Supplement Regulation: All Your Questions, Answered

by | Updated: January 24th, 2019 | Read time: 5 minutes

A growing number of Americans are turning to multivitamins and supplements to support their daily nutrition. According to the 2018 CRN Consumer Survey on Dietary Supplements, 75 percent of adults in the United States currently take dietary supplements, compared to 65 percent in 2009. But as interest rises, so do questions and concerns about supplement regulation: Are supplements regulated? How do I know what’s in the bottle? Can manufacturers put anything they want in their formulations?

In this article, we dive into those details and demystify the supplement industry, so you can make a more informed decision.

White Bottle Tipped Over Spilling Out Blue Tablets Representing Concept of Supplement Regulation |

Are Supplements Regulated?

The Dietary Supplement Health and Education Act of 1994 (DSHEA) is the United States federal legislation that guides and regulates dietary supplements. Within DSHEA, the Food and Drug Administration (FDA) governs the current Good Manufacturing Practices (cGMPs) for supplements under 21 CFR Part 111.

The current Good Manufacturing Practices require manufacturers to produce supplements that meet quality standards. Compliant manufacturers must prove their supplements:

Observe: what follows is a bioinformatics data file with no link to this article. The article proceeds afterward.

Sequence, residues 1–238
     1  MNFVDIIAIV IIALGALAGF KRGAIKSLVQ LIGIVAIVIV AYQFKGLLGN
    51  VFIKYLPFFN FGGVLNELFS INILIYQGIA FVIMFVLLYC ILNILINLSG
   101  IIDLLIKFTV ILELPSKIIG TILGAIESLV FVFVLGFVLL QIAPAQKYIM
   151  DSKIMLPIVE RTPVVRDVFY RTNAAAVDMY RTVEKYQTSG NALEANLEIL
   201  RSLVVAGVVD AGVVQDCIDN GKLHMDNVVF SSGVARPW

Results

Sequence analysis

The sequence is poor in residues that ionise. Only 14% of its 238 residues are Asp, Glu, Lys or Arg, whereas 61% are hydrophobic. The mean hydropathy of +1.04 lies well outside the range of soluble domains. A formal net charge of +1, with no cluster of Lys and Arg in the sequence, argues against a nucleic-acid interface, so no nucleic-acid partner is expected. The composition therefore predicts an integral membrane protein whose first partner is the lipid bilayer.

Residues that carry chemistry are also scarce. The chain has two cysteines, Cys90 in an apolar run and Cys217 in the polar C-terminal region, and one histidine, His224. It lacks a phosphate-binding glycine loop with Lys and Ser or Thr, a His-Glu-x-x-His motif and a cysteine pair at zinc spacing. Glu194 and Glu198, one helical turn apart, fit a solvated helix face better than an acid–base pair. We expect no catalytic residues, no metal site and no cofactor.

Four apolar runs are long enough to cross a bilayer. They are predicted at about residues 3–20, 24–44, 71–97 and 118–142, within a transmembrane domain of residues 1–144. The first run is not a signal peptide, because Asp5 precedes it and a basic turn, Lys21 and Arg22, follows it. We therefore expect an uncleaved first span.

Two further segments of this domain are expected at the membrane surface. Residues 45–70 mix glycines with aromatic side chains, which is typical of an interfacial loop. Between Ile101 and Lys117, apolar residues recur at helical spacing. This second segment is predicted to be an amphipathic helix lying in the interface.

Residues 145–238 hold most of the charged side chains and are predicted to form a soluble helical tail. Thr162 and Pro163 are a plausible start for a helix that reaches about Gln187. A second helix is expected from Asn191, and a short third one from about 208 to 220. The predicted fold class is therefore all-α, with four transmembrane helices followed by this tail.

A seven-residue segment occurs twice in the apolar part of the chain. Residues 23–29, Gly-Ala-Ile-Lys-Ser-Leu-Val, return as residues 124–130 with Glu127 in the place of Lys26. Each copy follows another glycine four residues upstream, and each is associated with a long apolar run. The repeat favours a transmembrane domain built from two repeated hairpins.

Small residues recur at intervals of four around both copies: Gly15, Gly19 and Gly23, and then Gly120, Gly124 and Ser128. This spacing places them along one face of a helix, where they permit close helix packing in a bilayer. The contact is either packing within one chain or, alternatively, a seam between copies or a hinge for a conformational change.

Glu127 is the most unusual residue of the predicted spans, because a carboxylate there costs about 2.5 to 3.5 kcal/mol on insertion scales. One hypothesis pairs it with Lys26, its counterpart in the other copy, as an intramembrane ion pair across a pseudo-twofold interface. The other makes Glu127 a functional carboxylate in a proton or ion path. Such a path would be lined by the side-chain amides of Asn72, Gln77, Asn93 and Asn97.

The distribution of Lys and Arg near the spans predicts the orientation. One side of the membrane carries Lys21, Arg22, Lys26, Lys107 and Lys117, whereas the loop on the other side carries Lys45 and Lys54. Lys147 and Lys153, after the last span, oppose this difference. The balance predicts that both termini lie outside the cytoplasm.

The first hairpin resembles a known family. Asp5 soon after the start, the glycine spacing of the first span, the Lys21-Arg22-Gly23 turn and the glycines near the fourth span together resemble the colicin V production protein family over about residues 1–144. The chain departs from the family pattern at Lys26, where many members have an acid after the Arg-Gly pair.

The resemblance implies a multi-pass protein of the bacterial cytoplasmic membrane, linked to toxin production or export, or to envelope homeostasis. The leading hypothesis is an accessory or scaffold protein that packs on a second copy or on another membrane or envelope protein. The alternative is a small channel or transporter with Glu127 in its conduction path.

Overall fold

• do not contain contaminants
  • do not contain impurities
  • are accurately labeled

While DSHEA imposes strict quality standards, it does not give the FDA authorization to approve dietary supplements the way it does pharmaceutical drugs. With DSHEA, there is no pre-market approval for a finished product. Instead, each individual ingredient is scrutinized. Ingredients get approved one of two ways: through Generally Recognized as Safe (GRAS) certification or through New Dietary Ingredient (NDI) requirements.

GRAS – The Food Additive Amendment to the Federal Food, Drug and Cosmetic Act of 1958 established that food additives are subject to FDA approval unless “the substance is generally recognized, among qualified experts, as having been adequately shown to be safe under the conditions of its intended use,” according to In many cases, the ingredient is GRAS-certified if it has been used for centuries and has not caused harm, such as salt, certain botanical herbs and caffeine, to name a few. These ingredients would not need FDA review, because they are already recognized as safe.

NDI – If the ingredient is not GRAS, it must follow NDI requirements, which were brought on with the implementation of DSHEA. It states that any new ingredient must be submitted to the FDA for review. “New” ingredients are those that have not been used in dietary supplements since October 15, 1994 (when DSHEA was enacted). Also under these requirements, any New Dietary Ingredient Notification must be submitted to the FDA within a certain time frame – well before the ingredient is to be marketed to consumers.